The growth in the need for DevOps workers is highlighted by it coming in 2nd in the Glassdoor’s annual list for the best technology positions in the United States. It’s an exciting field given that it supports the move to Agile development where software must be released faster than ever before.
The role of a DevOps administrator is an evolving one because organizations continue to wrestle with what the best processes and structures are. Proper implementation and refinement along the way are two significant hurdles to overcome.
Let’s now look at the 10 bad habits that DevOps administrators need to be mindful of during their ongoing implementation process.
1. DevOps Because Everyone Else Is Doing It
DevOps is a catchphrase right now. Software companies are scrambling to implement it. Some are overlooking that taking a gradual approach with one team, experimenting, and getting a process down is more important than everyone switching over together. There’s a good amount of prep work that must go into the operations and workflow before its ready for DevOps. Skipping that exploratory setup phase is a big mistake. Prep well, develop a workflow, get approval, and then show it to other teams. Walk, don’t run!
2. Not Accepting That Failing is Part of the Job
It’s better to fail and try again than to do the wrong thing and stick with it. A DevOps administrator must accept that failure is part of their role. If they’re doing their job, trials with new approaches and software implementations won’t always turn out right. Sometimes code won’t do what it should've, or software won’t live up to its hype. Keep proceeding towards a successful outcome and remember that we learn from our failures.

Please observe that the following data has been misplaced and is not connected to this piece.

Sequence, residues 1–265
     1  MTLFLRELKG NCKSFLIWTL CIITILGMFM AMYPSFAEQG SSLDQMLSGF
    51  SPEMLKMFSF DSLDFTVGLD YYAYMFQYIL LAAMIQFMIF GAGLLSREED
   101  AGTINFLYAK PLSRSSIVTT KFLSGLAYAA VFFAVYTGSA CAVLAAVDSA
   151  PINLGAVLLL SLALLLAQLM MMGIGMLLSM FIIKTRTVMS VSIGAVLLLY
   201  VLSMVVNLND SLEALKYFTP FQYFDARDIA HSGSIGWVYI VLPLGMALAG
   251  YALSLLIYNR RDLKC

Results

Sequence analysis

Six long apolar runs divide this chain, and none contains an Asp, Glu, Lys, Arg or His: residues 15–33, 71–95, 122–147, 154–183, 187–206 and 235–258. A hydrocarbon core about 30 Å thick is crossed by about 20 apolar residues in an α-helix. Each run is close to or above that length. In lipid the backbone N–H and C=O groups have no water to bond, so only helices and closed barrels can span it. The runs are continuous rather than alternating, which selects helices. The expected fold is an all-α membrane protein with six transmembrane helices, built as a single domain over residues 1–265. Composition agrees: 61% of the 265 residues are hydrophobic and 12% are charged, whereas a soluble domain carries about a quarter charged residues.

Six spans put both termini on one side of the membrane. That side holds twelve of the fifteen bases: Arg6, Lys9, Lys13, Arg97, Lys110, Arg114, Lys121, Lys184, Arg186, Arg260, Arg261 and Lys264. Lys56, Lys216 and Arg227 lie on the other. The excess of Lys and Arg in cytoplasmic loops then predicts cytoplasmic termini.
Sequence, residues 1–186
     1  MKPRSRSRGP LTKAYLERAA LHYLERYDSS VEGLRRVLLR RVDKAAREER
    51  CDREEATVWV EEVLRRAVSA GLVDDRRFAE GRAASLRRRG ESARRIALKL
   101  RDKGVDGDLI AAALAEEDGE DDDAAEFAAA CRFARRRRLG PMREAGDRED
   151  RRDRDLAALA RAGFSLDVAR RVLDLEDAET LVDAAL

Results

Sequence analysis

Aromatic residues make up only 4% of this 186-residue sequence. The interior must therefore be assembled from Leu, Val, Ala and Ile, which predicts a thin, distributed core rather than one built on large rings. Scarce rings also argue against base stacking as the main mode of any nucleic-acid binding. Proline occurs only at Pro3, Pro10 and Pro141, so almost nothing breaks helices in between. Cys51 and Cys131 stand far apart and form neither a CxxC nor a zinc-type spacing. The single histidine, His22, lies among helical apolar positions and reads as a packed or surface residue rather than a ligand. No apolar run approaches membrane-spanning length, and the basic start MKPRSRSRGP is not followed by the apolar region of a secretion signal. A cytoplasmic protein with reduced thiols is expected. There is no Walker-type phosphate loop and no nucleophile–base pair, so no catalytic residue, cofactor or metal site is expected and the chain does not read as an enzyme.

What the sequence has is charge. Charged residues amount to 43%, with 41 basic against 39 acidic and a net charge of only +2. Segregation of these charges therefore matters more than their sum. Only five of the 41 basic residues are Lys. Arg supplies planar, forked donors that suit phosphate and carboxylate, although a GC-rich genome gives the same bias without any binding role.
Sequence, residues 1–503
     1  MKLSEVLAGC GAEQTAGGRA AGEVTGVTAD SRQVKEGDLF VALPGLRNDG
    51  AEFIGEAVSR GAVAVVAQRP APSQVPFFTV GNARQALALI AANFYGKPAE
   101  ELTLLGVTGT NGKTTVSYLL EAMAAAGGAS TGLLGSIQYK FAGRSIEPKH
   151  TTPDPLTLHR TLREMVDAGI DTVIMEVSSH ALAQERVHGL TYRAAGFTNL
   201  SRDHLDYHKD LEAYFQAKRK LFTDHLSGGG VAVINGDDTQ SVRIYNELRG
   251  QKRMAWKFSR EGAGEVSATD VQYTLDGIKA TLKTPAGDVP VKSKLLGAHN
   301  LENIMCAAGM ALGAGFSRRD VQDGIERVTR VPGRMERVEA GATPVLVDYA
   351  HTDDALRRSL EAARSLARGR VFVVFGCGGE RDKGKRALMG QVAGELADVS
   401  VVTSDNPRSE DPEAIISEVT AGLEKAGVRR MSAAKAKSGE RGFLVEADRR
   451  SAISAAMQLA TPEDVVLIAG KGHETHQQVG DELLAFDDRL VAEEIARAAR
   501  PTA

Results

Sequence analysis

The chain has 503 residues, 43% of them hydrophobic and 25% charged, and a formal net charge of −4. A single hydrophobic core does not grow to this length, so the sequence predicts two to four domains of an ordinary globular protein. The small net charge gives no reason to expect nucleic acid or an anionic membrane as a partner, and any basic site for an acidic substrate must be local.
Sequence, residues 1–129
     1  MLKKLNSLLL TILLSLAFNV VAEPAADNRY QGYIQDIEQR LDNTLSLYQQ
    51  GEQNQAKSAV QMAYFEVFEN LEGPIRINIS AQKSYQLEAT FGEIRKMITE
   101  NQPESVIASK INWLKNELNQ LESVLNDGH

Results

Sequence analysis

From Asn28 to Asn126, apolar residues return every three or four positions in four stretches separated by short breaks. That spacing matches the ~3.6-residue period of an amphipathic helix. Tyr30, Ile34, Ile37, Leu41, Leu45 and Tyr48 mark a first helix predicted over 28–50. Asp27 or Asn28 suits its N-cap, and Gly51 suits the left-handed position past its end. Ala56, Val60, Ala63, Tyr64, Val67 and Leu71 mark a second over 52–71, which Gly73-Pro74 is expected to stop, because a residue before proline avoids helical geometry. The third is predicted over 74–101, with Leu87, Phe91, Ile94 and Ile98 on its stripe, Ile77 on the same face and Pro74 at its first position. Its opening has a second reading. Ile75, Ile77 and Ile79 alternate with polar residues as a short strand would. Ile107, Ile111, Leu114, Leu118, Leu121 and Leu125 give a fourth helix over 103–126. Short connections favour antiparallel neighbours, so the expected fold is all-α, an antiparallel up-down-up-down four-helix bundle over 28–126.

3. Developers and Operators in Conflict
Before DevOps, the operators and developers were often kept separate and behaved accordingly. Developers didn’t like anyone touching their code and the operators needed to update it to make it real-world relevant. Getting everyone on the same page, which is necessary in the DevOps world, takes longer than implementers think. It is essential to understand that the "Them vs. Us" approach won't have positive outcomes. Collaborate frequently to reach better results.
4. Failure to Establish Standards for Delivery
Delivering on software release goals based on agreed timelines and broad mandates is easier when everyone is on the same page. When not setting standards for what is expected and sticking to a structured release plan, the development of software might not provide the anticipated results.
When deciding on a set number of major and a limited number of minor releases that year, developers can discuss and agree on what features and fixes will go into each release. With tighter release dates and improved clarity, the whole team knows what's expected. Tracking metrics becomes easier too because everyone is clear on their individual responsibilities.
5. Not Breaking Up the Silos
Silos are clusters of team members (and individuals) who work in isolation. They’re so focused on their individual responsibilities that they often don’t consider the bigger picture. When creating software with a vast number of features, a close-minded viewpoint could be deadly.